Monday, September 28, 2009
CELT Sprint Tri RR or Being Cold Part Deux
Yesterday was one of my favorite races of the season, and also the last Tri of the season.
I am ready for tri season to be over, but I am never ready to say good-bye to my Maine friends. The CELT tri is fantastic because I get to see so many of these friends--not all (we missed you, Ange! Martha!) but many of them. Also, it is in my hometown of Cape Elizabeth. I had a very good race to boot, I always seem to at CELT, and best of all I was able to witness Alina's relay kick some booty and win 1st relay overall, and I was able to see Ange's little bro, Jeff, win his first triathlon! That dude is going to rock it next year.
The weather for this race has not cooperated for the last few years. Last year it rained--hard. This year it rained-hard-and it was really cold, too. The cold was my downfall. Actually, the cold was NOT my downfall. My downfall was that I thought I was above the cold--somehow super-human and unaffected by it, even though I have Raynaud's Syndrome, even though I'm small, even though I get cold and need a sweatshirt when it's 75 degrees and sunny. I swam the 425 in the warm pool, and then ran outside to T1 in my bathing suit. And I didn't cover up. I raced in my bathing suit. And it was in the uppers 50's. And it was pouring rain.
For the first time in my life I actually suffered from what I now realize was the first stages of hypothermia. Hypothermia is not good; this I learned too. It makes you-- unaware. It's not just that I was out of it; my mind and body actually weren't working right.
I shook violently through the second half the bike and well into the run. I was sick to my stomach, which I attributed to lack of fuel at the time (insane since it was a SPRINT and I was only 25 minutes into the race). On the bike I didn't shift for the last few miles because I couldn't work my hands. During the last mile, I had trouble even handling the brakes because of the shaking--which for those that have experienced it was a bit like the shaking you have when they administer the spinal block during a C-section. I had very strange thoughts in T2 (like, I can't get my shoes on. Well, good effort, Mary. We should probably sit down and stop now.) I spent a really long time putting on my running shoes. Putting them on baffled me. I couldn't figure out how to do it, and they are slip-ons... In this picture I am just starting out. I got the shoes on! I'm not that blue yet. On the run I went off course and into a neighborhood from the trail--on a course I have done twice before, and on a course where runners were around me moving correctly. I was disoriented enough so that when I returned to the trail after going off course, I stopped at every corner for the rest of the race to try to figure out what the signs meant. It seemed normal when out there. When I finished the race I was blue. This is me at the end of the run. Check out those lips baby! I think this picture sort of says it all.... haha! Get me a hot shower or get me the emergency room!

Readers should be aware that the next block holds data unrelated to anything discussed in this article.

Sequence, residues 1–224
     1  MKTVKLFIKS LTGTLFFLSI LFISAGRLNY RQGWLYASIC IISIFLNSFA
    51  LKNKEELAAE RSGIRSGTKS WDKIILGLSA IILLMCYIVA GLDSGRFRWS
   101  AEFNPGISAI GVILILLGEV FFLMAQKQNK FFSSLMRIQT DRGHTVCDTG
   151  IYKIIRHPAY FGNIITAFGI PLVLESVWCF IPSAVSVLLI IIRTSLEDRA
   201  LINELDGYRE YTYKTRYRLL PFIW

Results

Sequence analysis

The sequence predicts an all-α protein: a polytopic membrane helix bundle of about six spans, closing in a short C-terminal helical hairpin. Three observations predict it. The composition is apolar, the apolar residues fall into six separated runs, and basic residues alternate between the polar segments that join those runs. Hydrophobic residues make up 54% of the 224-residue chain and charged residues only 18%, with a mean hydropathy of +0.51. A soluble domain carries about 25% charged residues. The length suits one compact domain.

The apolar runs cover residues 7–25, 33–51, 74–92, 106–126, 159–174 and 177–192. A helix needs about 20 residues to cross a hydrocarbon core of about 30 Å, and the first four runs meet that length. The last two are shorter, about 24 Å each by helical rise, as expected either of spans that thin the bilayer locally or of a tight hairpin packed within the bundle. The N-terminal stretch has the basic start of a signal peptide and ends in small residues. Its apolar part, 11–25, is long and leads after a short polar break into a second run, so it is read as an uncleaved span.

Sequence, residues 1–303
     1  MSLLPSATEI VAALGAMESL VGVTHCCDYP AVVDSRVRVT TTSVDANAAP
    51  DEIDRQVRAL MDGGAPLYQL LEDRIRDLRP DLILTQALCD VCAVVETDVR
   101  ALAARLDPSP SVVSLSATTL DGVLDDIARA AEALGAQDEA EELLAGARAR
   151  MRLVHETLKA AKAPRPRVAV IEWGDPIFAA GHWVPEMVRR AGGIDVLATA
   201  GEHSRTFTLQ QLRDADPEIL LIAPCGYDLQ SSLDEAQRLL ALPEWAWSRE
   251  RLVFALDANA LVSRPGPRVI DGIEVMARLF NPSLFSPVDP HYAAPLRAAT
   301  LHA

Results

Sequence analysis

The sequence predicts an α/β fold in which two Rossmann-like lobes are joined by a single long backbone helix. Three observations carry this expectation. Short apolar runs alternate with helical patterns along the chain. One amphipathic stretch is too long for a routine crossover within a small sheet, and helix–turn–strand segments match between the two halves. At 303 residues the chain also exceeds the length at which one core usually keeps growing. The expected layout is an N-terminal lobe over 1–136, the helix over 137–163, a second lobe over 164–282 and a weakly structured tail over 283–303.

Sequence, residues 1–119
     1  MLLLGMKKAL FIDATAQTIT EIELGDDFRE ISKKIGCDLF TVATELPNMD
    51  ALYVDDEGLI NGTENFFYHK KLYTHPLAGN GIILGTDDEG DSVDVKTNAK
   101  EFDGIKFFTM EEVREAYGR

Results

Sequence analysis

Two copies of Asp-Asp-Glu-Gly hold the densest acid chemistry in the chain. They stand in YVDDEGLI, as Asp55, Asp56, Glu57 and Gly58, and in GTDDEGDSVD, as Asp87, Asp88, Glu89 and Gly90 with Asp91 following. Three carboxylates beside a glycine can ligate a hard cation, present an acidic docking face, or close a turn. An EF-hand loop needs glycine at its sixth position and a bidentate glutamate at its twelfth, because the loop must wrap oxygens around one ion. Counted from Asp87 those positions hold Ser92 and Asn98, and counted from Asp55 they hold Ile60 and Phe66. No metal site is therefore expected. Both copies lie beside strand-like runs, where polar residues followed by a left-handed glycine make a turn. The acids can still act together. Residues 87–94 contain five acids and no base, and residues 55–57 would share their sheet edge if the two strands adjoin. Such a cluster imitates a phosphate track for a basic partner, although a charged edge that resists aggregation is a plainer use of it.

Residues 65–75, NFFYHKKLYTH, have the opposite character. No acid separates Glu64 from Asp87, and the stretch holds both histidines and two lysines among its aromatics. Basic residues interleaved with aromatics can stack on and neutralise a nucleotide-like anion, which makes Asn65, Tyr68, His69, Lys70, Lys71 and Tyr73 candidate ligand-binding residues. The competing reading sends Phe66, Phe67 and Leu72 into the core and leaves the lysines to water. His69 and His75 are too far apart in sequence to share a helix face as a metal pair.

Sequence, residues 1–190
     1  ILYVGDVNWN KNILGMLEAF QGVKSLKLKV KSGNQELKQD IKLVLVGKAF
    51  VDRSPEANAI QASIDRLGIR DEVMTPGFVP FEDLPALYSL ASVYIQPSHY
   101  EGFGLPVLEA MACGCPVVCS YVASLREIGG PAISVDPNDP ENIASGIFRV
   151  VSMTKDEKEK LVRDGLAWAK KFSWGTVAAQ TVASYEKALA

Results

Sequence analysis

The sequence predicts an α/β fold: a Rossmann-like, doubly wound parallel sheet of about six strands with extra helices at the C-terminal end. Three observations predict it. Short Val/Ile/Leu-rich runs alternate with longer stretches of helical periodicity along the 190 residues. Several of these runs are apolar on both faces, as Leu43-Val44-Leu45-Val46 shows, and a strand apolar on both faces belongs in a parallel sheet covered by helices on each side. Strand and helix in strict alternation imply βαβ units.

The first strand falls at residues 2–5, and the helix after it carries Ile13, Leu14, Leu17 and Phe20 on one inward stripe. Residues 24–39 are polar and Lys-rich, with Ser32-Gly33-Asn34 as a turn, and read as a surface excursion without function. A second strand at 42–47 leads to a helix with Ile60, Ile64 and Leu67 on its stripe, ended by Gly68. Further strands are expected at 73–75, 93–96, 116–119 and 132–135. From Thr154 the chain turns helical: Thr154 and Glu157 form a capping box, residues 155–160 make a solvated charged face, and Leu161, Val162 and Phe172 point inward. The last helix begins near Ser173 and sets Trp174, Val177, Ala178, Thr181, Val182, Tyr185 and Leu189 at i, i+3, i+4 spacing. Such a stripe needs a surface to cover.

Despite all this I had fun in a weird way. Another strange thing is that the sensation of being cold stopped early on in the run--and I wasn't aware that I wasn't firing on all cylinders during the race until well after the race when I started to piece things together.
It took me until late last night to finally get my body temperature up enough so that I didn't have to wear about 10 layers of clothing. Andy kept encouraging me to get in the shower to warm my core up, but I didn't want to take off my clothing to get in the shower.
So this is the lesson. Don't be a dumb-ass when it's cold and wet. It only takes a few flipping seconds to put on a jacket. I wore my pirate bathing suit that said ARGH on the ass, and that is what I have to say about my dumb-ass behavior. ARGH.
So what else?
I finished really well, anyway! I was third overall, and second AG. I was beat by my friends Katie and Stacy. I knew Katie would beat me (which she did by a good five minutes!) but with Stacy I knew it would be a toss-up. I am slightly faster on the swim; she is slightly faster on the bike; we are virtually equivalent on the run. I knew if I made even a small mistake or spent too long in transition I wouldn't beat her. So yes, I made the COLD mistake, and she took me down! Ah well, you can't win 'em all. Mike, my nemesis, also beat me. grrr. This is annoying because this was our tie-breaker race. I beat him in two races this summer, he beat me in two. Now the score is three-two Mike. BOO! I still think we should count the mid-winter classic 10 miler, at which I beat him--and then we would be 3-3. He says no--only triathlons count. BOO AGAIN!
After the race I had an awesome time chatting and catching up with everyone (after I took a warm shower, that is...) My Dad's good friend and work partner (they are eye surgeons) was there and she was the only 70+ competitor to complete the race. Go Liz!
My friend Steve did the race with his family, and on the way home Andy and I decided that NEXT year we will do the race as a family relay. I will swim, Andy will bike, and Jordan will run or Jordan will swim, I will bike, and Andy will run. We shall see...
It's going to be fun.
For now, good-bye 2009 triathlon season!
It was an awesome one for me.